Tuesday, February 23, 2016
Mom to Marco Muzzo: 'You killed all my babies'
But which now echoes only with roaring silence.
“Because of YOU,” she says to Marco Muzzo.
The kitchen table where she taught her three children to bake, where they did their homework, coloured their pictures, wrote Santa Claus, said grace, now left with so many empty places.
“Because of YOU!”
Neville-Lake stands at the front of a packed courtroom and looks directly at the young man who stole her children.
“I am listening in vain for my kids to call out my name and I don’t hear them,” she cries. “I don’t have anyone left to call me mom. Not one left. You killed all my babies.”
Her excruciating pain, outlined in 40 minutes of gut-wrenching words ripped from her heart, leaves even court officers and the judge fighting back tears — and should be required reading for every driver who ever contemplates the selfishness of driving drunk.
It was a bright Sunday afternoon, Sept. 27, 2015, and her children — Daniel, 9, Harrison, 5, and Milagros, 2 — were late coming home from a sleepover in King City with her parents, Gary and Neriza Neville. Then she saw a collision on the news: A smashed van — a van that looked too frighteningly similar to the one they’d picked up just 94 hours before. She spotted a familiar backpack in the wreckage. “I start to scream and cry.”
At the police station, she was told her father and son Daniel were dead. “I can’t even breathe.” On the phone, a surgeon urged them to hurry to Sick Kids. On the highway, her husband, Ed Lake, kissed her goodbye and tried to jump out of the car.
The stay-at-home dad still battles suicidal thoughts. “Because of you, we now live with this horror the rest of our lives,” he said in his victim impact statement.
When they raced into the hospital, they were told Harry and Milly were brain dead, kept alive only so they could say goodbye. Neville-Lake was stunned. “I remember crying out, ‘All of them? All of my babies are gone? Not one left?’”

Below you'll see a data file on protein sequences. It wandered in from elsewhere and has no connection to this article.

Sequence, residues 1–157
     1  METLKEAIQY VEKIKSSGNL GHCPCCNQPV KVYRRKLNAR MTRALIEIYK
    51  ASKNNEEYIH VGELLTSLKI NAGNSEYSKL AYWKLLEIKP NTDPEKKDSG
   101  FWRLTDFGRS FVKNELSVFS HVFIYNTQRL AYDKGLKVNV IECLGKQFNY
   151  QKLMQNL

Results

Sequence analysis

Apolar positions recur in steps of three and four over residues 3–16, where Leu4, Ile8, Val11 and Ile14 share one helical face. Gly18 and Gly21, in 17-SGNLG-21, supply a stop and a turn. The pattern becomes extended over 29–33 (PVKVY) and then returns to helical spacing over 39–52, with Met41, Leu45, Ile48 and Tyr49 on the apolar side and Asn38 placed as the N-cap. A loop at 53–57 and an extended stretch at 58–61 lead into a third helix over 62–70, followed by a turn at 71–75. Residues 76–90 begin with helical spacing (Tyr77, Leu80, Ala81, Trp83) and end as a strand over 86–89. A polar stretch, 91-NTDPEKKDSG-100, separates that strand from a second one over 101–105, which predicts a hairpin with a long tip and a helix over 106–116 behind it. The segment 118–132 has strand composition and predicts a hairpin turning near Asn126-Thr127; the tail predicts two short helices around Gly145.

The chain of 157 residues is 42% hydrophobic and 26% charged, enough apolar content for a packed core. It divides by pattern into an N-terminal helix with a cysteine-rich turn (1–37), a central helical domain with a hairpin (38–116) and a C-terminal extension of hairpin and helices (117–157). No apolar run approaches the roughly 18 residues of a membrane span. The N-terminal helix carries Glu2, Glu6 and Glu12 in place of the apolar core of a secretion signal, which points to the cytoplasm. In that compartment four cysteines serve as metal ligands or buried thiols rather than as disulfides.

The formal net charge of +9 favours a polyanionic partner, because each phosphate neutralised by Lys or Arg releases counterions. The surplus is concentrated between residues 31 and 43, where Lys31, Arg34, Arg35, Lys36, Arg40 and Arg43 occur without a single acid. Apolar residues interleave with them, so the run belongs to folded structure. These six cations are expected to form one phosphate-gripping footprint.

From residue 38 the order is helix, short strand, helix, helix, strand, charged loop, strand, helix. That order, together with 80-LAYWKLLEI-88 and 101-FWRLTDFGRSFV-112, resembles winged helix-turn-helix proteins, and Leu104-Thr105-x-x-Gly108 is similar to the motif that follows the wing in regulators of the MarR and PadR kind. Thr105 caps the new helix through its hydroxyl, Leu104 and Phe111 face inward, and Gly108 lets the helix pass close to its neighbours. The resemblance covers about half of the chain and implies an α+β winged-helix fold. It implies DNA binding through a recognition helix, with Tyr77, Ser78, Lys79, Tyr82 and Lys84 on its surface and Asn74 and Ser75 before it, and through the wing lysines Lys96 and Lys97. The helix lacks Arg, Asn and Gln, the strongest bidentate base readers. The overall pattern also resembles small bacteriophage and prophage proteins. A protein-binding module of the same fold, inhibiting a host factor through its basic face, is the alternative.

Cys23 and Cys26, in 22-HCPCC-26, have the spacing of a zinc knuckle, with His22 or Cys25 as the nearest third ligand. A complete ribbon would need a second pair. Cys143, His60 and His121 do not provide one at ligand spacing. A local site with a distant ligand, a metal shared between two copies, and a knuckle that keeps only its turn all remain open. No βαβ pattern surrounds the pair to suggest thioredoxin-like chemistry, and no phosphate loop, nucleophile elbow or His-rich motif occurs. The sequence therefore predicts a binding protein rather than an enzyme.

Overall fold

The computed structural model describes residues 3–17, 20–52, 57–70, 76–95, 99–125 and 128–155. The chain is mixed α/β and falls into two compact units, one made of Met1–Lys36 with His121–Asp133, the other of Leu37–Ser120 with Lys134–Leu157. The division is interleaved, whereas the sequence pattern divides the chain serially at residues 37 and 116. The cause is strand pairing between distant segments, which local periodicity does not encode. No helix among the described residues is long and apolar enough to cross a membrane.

Their children lay cold and still. “I ask that they be put together so they can die together. The team puts my babies’ hands together and Ed and I crawl into bed with them. Everyone sings goodbye,” she recalls, the tears falling.
“I ask for time alone with my dead children. We look at their little bodies, so small. I watch my baby girl’s cervical collar fill with her blood.”
After a frantic search, she finally saw Daniel at the funeral home; he had been admitted as John Doe. It was her first glimpse of her dead father, as well. “Oh, Daddy you are so cold. I stare sobbing at the man who taught me my first signs, held my hands when I took my first steps, who taught me how to drive honourably and respect the rules of the road.”
Her life was once a happy whirlwind of two jobs and motherhood, with the added challenge of helping Harry, an amputee. “Did you know you killed a kid with special needs?” she demands.
Now she was tucking all her children into their coffins, each in their favourite clothes: Daniel in his ballet costume and basketball shoes; Harry in his favourite dress, pink hair and tiara. “Milly is buried in the new dress my parents gave her that last Friday before you ended their lives.”
Neville-Lake would later learn about their horrific injuries: Their broken necks, her father’s spinal cord found in his chest cavity, subarachnoid hemorrhage, spinal cords cut in half. She tortures herself, imagining their last moments. “Did the sounds of my kids’ necks snapping echo in the car? Is that the last sound my Daniel and my dad heard?” she asks.
“I want my kids back. I want my dad back. I want my life back.”
But they are forever gone, “because of you,” she says: Gary Neville, her babies, Daniel, Harrison and Milagros. “Those are the names of the ones who paid for your drinks with the price of their blood.”
Please share this